Psychiatric Bulletin ( 1991 ). 15, 185-187 Obituary Editor: Henry R. Rollin
HANS ERICH HAAS
,Formerly Consultant psychotherapist, Utfculme Clinic, Birmingham 13 Erich Haas, one of the few surviving early pioneers of psychoanalysis, died at his home in Birmingham in October 1990 at the age of 94. Born of Jewish parents, he served in the German Army in the first world war. After demobilisation he entered medicine, doing his pre-clinical studies in Bonn and his clinical studies in Cologne. After qualification he set off for Berlin with two of Freud’s works in his suitcase. Between 1922 and 1927 while working in the field of general medicine and neuropsychiatry under Professor Bonhocffcr and later Professor Ascheffenburg, he met Karl Abraham, the then President of the Berlin psychoanalytical Society, who invited him to a series of lectures and seminars on Freud’s theories. psycho analysis found little support in academic circles at the time and he needed considerable courage to pursue his growing psychoanalytical interests in a climate of considerable opposition and at times derisive criti cism. He underwent a personal analysis by Hans Sachs (who had been analysed by Freud) and was later supervised by him, becoming a member of the psychoanalytical Society of Berlin. He left Berlin in 1927 and took up practice in Cologne as a specialist in nervous diseases, working mainly as a psychoanalyst. He was the first psycho analyst to work in Cologne where he was instrumen tal in attracting a small group of doctors to meet and discuss their interest in psychoanalysis. Although shy of publicity, he was persuaded to give what is widely believed to have been the first public broadcast on psychoanalysis in Germany. In 1933,when Hitler came to power, he travelled to England to investigate the possibility of immigrating. Ernest Jones and Edward Glover, whom he already knew, encouraged him to leave and offered him every assistance in his plans to leave Germany. Ernest Jones emphasised the importance of trying to estab lish psychoanalysis outside the metropolis and, largely on his advice, Haas decided to settle in Birmingham. Although this isolated him profession ally from other psychoanalysts, it was a decision he never regretted. In late 1936 he arrived in Birmingham with a work permit to set up a psychoanalytic practice as psychol ogist while at the same time he became a medical student at the University of Birmingham in order to obtain his medical registration in Britain. He re-qualified in 1941.Once established in Birmingham he became a seminal influence in the formation of a small circle of psychiatrists who met monthly in their homes to discuss cases of neuroses that were being treated by various forms of psychotherapy. He was a founder member of the Section of Psychiatry of the Birmingham Medical Institute, becoming one of its early presidents. While accepting Freud’s fundamental contri butions to the theory of the neuroses, Haas had sym pathies with those neo-Freudians who accepted the importance of the social environment in neurotic ill ness. In 1942 he was invited to establish an out patient clinic at All Saints Hospital devoted to psychotherapeutic treatment of the neuroses. Later he transferred his activities to the Uffculme Clinic and he played an important part in its development and recognition as a centre for psychotherapy. An enthusiast for clinical work, he was notably modest about his own contributions to his specialty. He was pragmatic and a realist in his approach to patients and used brief therapies extensively, not hesitating to recommend somatic treatments if he felt they would be helpful to the patient. He hated committees, saying they achieved little and only took the doctor away from his patients. An archetypical psychoanalyst in appearance and speech, his deepest satisfaction came from his relationships with his patients. He wrote and published little and seldom spoke publicly but when he did he was always worth hearing. His deepest satisfaction was the knowledge that his psychotherapeutic approach had helped some of his patients. This he regarded as reward enough and was the driving force in most of what he did during his long career. His leisure pursuits reflected a wide interest in art and its history. He was a founder member of the Birmingham Chamber Music Society and a regular concert-goer until just before his death. He was keenly interested in archaeology and a collector of Greek icons. He liked doing things with his hands and was justly proud of his garden where he found respite from long hours of listening to patients. After the death of his wife in 1984 he developed considerable culinary skills. While he outlived almost all of his contemporaries, many people from all walks of life in the West Midlands have good reason to be grateful to him, 185 186 not least the medical profession, many of whom became his patients. He will always be remembered as a pioneer of psychoanalysis who first intro duced analytic psychotherapy to an area where it was virtually unknown. He is survived by his only daughter Dorothy, who is a general practitioner in Birmingham. JAH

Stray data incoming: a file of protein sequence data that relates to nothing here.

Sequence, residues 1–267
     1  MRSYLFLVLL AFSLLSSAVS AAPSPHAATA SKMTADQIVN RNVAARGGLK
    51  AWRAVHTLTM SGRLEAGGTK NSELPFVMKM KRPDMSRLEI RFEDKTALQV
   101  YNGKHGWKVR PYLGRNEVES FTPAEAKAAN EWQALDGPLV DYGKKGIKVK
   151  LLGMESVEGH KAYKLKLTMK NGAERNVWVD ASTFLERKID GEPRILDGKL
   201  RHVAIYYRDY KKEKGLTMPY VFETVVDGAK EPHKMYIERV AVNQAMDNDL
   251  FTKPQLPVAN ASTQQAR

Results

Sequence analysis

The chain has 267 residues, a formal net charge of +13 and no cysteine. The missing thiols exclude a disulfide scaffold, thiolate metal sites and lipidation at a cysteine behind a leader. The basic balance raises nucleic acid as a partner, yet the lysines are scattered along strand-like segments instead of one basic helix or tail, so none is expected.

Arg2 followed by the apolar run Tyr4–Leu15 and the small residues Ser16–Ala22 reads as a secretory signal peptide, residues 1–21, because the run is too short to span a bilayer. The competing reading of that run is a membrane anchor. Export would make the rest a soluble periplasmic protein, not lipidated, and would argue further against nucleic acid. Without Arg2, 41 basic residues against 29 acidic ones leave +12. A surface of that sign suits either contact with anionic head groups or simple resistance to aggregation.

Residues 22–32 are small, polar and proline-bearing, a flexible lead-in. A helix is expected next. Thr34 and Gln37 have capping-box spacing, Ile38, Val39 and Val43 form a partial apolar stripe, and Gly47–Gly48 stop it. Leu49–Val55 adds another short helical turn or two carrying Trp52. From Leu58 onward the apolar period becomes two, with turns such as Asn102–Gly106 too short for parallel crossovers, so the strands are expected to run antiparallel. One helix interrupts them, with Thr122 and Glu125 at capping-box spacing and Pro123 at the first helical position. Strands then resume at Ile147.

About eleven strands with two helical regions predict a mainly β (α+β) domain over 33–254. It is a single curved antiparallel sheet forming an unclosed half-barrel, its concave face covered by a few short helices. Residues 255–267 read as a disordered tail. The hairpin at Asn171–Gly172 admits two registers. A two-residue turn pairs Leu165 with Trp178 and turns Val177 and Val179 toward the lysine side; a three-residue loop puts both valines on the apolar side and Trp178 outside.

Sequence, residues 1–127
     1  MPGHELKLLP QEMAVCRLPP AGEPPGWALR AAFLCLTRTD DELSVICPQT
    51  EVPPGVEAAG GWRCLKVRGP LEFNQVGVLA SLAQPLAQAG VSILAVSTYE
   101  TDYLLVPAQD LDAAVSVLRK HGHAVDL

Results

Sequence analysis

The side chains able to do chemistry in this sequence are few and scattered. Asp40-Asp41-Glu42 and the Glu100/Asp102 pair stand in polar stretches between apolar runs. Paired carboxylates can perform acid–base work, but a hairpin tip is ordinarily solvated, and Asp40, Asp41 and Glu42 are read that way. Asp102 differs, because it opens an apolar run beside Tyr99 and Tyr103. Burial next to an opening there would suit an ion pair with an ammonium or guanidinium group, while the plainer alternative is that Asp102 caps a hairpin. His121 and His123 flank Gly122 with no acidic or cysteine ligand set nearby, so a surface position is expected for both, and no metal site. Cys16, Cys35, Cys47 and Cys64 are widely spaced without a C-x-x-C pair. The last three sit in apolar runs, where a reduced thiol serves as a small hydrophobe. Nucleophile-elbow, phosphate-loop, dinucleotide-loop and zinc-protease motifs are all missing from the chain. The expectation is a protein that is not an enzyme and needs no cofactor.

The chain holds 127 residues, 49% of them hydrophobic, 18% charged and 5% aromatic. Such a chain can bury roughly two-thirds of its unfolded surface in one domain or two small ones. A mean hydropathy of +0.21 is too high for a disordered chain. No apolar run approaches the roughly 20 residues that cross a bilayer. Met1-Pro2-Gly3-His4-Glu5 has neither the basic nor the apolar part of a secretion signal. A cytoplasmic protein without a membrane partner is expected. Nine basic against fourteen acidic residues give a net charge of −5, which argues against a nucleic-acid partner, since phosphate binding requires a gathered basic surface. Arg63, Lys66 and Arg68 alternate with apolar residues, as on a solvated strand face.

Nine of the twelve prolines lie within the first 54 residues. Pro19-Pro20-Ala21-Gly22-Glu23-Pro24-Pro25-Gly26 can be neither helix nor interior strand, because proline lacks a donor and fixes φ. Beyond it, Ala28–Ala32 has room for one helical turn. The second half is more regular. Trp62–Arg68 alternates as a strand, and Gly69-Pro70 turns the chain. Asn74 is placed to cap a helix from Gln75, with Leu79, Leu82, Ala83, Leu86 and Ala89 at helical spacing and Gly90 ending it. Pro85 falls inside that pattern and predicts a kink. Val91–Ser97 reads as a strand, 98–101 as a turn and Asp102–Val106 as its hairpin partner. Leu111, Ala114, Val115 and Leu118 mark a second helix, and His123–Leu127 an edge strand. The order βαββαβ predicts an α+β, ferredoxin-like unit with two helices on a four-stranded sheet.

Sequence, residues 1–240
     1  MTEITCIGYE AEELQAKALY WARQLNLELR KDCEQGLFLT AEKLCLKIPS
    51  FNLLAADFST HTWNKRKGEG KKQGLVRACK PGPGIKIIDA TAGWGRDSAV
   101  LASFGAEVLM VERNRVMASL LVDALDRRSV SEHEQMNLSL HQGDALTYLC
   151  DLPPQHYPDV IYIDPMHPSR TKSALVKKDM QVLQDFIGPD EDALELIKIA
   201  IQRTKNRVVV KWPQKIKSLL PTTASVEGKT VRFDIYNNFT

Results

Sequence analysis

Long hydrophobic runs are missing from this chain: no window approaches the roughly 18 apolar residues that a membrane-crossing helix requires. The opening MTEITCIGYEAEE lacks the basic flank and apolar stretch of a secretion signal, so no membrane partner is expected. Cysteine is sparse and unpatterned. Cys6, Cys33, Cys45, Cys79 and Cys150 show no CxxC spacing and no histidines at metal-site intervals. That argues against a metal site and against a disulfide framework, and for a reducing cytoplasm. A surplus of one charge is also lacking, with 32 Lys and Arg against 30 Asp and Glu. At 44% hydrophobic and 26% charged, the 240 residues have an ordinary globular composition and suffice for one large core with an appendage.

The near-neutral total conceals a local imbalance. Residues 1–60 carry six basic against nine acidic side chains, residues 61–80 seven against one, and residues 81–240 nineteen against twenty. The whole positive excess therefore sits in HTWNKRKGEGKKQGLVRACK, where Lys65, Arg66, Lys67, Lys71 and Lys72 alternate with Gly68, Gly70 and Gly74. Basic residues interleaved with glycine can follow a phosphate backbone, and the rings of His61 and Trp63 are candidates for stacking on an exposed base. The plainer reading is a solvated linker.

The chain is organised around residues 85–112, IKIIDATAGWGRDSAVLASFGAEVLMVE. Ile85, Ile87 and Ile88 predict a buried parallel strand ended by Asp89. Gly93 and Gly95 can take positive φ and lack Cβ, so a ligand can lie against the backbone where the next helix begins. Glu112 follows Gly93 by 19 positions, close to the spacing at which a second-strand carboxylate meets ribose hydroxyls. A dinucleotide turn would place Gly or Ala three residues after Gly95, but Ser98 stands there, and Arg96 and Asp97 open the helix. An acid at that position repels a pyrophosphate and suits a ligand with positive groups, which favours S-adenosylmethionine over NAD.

A forgotten chapter in the prehistory of psychoanalysis in Cologne. The emigration of Hans Erich Haas (1896-1990).
Haas was the first medical doctor from the Rhineland who was trained at the Berlin psychoanalytic Institute and established himself as a “specialist for psychoanalysis” in Cologne. For nearly ten years he had a flourishing practice there with a particular interest in the treatment of schizophrenia. He was Jewish and in 1936 he emigrated to England where he was the first and for a long time only psychoanalyst in Birmingham. He specialized in treating patients with personality disorders and psychosomatic diseases and was increasingly consulted as a forensic expert. As a result of his association with a hospital and with the university, he was instrumental in the foundation of the West Midlands Institute for psychotherapy. At the time of his death in 1990, the psychoanalytic study group of Cologne lacked any knowledge of his life or work.
Wrich Schultz-Venrath Zur (vergessenen) Frühgeschichte der Kölner psychoanalyse: Das Emigrationsschicksal von Hans Erich Haas (1896-1990)
Article in German by D”r Haas